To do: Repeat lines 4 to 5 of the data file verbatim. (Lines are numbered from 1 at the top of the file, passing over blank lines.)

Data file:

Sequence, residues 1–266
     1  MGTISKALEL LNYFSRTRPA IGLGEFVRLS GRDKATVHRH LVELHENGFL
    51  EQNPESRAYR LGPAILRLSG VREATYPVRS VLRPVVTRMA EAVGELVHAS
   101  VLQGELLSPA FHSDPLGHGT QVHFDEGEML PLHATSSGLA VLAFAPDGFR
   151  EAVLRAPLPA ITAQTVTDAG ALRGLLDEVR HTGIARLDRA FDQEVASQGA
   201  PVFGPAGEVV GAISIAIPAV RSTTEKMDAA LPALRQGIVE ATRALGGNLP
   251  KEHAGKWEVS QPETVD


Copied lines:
   101  VLQGELLSPA FHSDPLGHGT QVHFDEGEML PLHATSSGLA VLAFAPDGFR
   151  EAVLRAPLPA ITAQTVTDAG ALRGLLDEVR HTGIARLDRA FDQEVASQGA